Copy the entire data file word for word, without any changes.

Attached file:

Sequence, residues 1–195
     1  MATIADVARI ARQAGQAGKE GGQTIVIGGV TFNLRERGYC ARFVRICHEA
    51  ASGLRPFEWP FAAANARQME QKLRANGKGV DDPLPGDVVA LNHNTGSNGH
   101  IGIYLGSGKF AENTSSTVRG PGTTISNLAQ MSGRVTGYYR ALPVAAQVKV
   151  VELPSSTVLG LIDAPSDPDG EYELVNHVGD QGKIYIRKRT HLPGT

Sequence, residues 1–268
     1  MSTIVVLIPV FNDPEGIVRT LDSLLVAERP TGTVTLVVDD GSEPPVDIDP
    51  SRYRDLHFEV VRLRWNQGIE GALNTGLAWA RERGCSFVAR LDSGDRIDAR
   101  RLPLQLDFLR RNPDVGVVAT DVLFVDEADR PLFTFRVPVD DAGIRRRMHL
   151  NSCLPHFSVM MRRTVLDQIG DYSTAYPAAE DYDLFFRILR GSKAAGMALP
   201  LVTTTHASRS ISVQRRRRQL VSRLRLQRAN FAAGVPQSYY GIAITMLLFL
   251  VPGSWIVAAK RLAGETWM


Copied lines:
Sequence, residues 1–195
     1  MATIADVARI ARQAGQAGKE GGQTIVIGGV TFNLRERGYC ARFVRICHEA
    51  ASGLRPFEWP FAAANARQME QKLRANGKGV DDPLPGDVVA LNHNTGSNGH
   101  IGIYLGSGKF AENTSSTVRG PGTTISNLAQ MSGRVTGYYR ALPVAAQVKV
   151  VELPSSTVLG LIDAPSDPDG EYELVNHVGD QGKIYIRKRT HLPGT

Sequence, residues 1–268
     1  MSTIVVLIPV FNDPEGIVRT LDSLLVAERP TGTVTLVVDD GSEPPVDIDP
    51  SRYRDLHFEV VRLRWNQGIE GALNTGLAWA RERGCSFVAR LDSGDRIDAR
   101  RLPLQLDFLR RNPDVGVVAT DVLFVDEADR PLFTFRVPVD DAGIRRRMHL
   151  NSCLPHFSVM MRRTVLDQIG DYSTAYPAAE DYDLFFRILR GSKAAGMALP
   201  LVTTTHASRS ISVQRRRRQL VSRLRLQRAN FAAGVPQSYY GIAITMLLFL
   251  VPGSWIVAAK RLAGETWM